The Game Plan (film)

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The Game Plan
TheGamePlanposter.jpg
Theatrical release poster
Directed byAndy Fickman
Screenplay by
Story by
Produced by
Starring
CinematographyGreg Gardiner
Edited byMichael Jablow
Music byNathan Wang
Production
companies
Distributed byBuena Vista Pictures Distribution
Release dates
  • September 23, 2007 (2007-09-23) (Hollywood)
  • September 28, 2007 (2007-09-28) (United States)
Running time
110 minutes
CountryUnited States
LanguageEnglish
Budget$22 million[1]
Box office$146.6 million[1]

The Game Plan is a 2007 American sports family comedy film directed by Andy Fickman and with a screenplay by Nichole Millard and Kathryn Price from a story by Millard, Price and Audrey Wells. The film stars Dwayne "The Rock" Johnson in the lead role, Madison Pettis and Kyra Sedgwick. It follows a professional quarterback who finds out he has an eight-year-old daughter from a previous relationship.

It was the last film to be distributed by Buena Vista Pictures Distribution, after Disney retired the Buena Vista moniker across their company's divisions in the same year. It is also the final film where Johnson is credited with his ring name. The Game Plan was released in the United States on September 28, 2007 and grossed $146 million worldwide.

Plot[edit]

In the last game of the American Football Federation regular season between the Boston Rebels and the New York Dukes, Rebels quarterback Joe Kingman scores a touchdown after ignoring an open wide receiver, Travis Sanders. The next morning, an eight-year-old girl named Peyton Kelly arrives on Joe's doorstep saying that she is his biological daughter, and that his divorced wife, Sara, sent her there to meet him. His agent, Stella Peck thinks this will be bad for his image and distracts him with the upcoming playoffs.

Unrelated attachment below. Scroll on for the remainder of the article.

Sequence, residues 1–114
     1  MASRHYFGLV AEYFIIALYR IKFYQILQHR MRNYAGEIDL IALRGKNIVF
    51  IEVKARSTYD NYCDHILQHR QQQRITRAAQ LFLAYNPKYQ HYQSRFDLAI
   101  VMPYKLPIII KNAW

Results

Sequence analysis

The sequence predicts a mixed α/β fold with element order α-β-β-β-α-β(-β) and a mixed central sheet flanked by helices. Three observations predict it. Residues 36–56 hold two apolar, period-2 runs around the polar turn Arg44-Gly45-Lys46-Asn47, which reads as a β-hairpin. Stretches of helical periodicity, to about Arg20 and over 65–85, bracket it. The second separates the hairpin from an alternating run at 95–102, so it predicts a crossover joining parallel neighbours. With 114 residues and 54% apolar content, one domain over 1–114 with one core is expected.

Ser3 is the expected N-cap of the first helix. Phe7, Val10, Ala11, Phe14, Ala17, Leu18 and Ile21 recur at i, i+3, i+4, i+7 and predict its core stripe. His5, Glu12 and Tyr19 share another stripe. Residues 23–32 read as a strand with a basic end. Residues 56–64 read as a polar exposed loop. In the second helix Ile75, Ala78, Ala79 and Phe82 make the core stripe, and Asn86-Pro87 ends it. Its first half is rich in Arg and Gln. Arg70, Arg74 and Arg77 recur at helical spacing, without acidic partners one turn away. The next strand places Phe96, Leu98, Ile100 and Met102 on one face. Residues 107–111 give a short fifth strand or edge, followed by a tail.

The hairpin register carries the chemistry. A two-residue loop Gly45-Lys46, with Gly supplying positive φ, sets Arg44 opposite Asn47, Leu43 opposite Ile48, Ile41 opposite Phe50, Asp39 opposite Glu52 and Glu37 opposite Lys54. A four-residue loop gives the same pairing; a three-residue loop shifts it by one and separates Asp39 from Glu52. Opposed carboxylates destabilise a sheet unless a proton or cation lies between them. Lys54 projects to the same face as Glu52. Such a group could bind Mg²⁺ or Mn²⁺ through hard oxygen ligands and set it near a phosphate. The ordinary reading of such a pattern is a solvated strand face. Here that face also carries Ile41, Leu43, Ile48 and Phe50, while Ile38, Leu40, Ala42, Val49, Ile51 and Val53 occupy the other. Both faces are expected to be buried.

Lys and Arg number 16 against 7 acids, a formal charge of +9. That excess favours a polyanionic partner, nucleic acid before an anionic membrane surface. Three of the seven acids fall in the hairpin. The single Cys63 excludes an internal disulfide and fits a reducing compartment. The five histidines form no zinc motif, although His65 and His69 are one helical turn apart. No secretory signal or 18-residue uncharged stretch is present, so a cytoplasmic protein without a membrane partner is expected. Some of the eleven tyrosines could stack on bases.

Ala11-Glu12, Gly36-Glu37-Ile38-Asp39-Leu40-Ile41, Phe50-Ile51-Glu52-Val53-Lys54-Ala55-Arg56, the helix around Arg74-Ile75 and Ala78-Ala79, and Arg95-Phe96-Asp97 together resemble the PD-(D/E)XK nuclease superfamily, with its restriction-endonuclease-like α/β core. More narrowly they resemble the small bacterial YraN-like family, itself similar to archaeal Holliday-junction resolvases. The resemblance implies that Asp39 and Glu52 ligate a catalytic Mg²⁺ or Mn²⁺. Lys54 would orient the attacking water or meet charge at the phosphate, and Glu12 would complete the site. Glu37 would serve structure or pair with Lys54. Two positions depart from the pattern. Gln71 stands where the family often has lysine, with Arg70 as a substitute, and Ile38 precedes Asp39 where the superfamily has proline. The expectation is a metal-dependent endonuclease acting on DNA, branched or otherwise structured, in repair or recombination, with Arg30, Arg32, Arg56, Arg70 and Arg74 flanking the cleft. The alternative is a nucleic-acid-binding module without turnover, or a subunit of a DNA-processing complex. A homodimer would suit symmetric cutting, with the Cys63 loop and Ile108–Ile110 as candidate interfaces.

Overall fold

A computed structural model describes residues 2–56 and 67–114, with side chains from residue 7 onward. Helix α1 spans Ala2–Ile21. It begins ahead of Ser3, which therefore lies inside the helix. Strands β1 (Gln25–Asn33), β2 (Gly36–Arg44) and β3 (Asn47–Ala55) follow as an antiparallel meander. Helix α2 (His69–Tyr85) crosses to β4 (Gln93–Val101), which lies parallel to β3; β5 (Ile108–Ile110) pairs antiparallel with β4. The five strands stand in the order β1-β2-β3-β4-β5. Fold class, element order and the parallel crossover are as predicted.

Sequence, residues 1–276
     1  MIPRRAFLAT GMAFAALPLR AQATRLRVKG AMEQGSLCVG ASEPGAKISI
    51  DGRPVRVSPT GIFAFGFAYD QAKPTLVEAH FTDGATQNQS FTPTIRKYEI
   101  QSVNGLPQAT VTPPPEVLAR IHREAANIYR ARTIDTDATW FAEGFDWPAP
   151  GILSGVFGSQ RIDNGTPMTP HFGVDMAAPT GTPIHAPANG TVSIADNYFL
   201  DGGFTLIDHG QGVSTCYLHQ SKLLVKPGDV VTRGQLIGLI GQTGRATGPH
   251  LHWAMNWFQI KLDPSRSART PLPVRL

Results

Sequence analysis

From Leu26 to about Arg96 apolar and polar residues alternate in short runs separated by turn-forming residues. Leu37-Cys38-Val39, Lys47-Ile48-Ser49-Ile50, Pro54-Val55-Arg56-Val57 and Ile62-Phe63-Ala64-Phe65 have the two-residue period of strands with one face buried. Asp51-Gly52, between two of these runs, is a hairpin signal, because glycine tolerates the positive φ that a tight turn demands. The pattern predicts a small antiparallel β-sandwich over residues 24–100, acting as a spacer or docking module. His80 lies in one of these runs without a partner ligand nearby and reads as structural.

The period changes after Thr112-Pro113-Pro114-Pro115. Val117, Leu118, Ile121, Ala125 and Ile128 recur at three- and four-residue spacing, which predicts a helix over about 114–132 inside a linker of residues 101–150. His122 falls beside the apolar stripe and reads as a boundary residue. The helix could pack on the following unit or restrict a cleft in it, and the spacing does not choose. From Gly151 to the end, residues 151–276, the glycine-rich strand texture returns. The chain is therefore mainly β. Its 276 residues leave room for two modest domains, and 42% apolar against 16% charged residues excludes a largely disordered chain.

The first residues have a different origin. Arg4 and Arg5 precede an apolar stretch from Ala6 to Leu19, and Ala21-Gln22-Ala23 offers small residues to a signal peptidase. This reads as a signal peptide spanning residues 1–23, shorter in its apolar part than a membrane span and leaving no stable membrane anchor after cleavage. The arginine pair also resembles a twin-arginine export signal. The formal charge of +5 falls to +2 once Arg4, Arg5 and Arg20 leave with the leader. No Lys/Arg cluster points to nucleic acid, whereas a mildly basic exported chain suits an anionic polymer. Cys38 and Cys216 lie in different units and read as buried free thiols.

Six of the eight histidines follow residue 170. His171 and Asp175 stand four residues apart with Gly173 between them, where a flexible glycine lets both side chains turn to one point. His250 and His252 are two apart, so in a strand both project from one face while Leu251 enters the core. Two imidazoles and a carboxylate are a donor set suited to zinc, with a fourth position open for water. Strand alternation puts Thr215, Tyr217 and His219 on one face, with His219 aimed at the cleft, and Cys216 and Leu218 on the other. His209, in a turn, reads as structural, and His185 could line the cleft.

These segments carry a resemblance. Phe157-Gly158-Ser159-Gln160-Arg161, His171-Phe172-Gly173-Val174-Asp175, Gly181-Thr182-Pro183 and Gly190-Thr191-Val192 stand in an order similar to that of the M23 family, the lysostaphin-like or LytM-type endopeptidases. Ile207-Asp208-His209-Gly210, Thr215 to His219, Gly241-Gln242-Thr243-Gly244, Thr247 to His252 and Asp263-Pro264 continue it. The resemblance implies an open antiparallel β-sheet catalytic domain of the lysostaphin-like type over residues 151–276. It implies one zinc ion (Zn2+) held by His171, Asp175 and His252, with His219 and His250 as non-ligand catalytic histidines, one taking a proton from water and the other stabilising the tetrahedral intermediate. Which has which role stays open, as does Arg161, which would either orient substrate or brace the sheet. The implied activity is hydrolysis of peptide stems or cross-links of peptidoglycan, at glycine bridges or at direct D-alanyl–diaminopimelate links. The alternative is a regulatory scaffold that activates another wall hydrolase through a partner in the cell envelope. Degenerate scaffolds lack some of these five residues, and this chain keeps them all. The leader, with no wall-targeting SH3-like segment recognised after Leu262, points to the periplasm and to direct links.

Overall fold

At the opening of his own restaurant/nightclub and bar, Joe inadvertently leaves without Peyton and is on the cover of a tabloid the next day. Stella decides Joe needs a new fatherly image. At a later press conference, the reporters make Joe miserable, until Peyton comes to his defense, saying that he is new to this and trying the best he can and that she thinks he is the best father in the world. Peyton then says that Joe has to repay her, so she has him take her to a ballet academy run by Monique Vasquez. Monique has Joe join their ballet performance to show him that ballet takes just as much athletic ability as football. Joe and Peyton begin their relationship after Peyton calls his arrogant and selfish behavior to his attention. Joe takes Peyton and her new friends to the mall where he begins to develop romantic feelings for Monique.

The Rebels march through the playoffs via three road games: Denver in the Wild Card round, Indianapolis in the Divisional round, and finally Baltimore in the Conference round. They eventually make it to the championship game held in Arizona in a rematch with the New York Dukes. Stella offers Joe a $25 million endorsement deal with Fanny's Burgers, a successful fast food restaurant run by Samuel Blake, Jr., if he wins the game and mentions the product to the press. While at lunch with Joe and Monique at the Barking Crab, Peyton accidentally reveals that she was scheduled to go to a ballet school program for the month, but instead, she ran away to meet her father. Before Joe can fully process this, Peyton has an allergic reaction to the nuts in the dessert she was eating, and Joe rushes her to the hospital; however, the doctors tell him that the reaction is mild, and his daughter is going to be fine.